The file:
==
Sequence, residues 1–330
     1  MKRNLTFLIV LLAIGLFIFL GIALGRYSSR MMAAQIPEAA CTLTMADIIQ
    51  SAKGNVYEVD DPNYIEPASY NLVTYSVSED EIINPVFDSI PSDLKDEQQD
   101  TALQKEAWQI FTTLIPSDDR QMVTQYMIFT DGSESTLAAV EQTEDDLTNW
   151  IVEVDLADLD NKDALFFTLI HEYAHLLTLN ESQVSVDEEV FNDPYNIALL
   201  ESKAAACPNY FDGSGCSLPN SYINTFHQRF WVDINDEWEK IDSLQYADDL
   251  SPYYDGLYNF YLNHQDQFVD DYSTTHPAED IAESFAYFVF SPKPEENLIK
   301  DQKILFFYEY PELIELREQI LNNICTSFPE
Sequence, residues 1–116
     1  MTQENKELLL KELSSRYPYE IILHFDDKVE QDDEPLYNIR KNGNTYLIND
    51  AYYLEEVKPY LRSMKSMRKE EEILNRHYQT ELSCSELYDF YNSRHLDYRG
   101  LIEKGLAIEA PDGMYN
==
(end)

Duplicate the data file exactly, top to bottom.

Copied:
Sequence, residues 1–330
     1  MKRNLTFLIV LLAIGLFIFL GIALGRYSSR MMAAQIPEAA CTLTMADIIQ
    51  SAKGNVYEVD DPNYIEPASY NLVTYSVSED EIINPVFDSI PSDLKDEQQD
   101  TALQKEAWQI FTTLIPSDDR QMVTQYMIFT DGSESTLAAV EQTEDDLTNW
   151  IVEVDLADLD NKDALFFTLI HEYAHLLTLN ESQVSVDEEV FNDPYNIALL
   201  ESKAAACPNY FDGSGCSLPN SYINTFHQRF WVDINDEWEK IDSLQYADDL
   251  SPYYDGLYNF YLNHQDQFVD DYSTTHPAED IAESFAYFVF SPKPEENLIK
   301  DQKILFFYEY PELIELREQI LNNICTSFPE
Sequence, residues 1–116
     1  MTQENKELLL KELSSRYPYE IILHFDDKVE QDDEPLYNIR KNGNTYLIND
    51  AYYLEEVKPY LRSMKSMRKE EEILNRHYQT ELSCSELYDF YNSRHLDYRG
   101  LIEKGLAIEA PDGMYN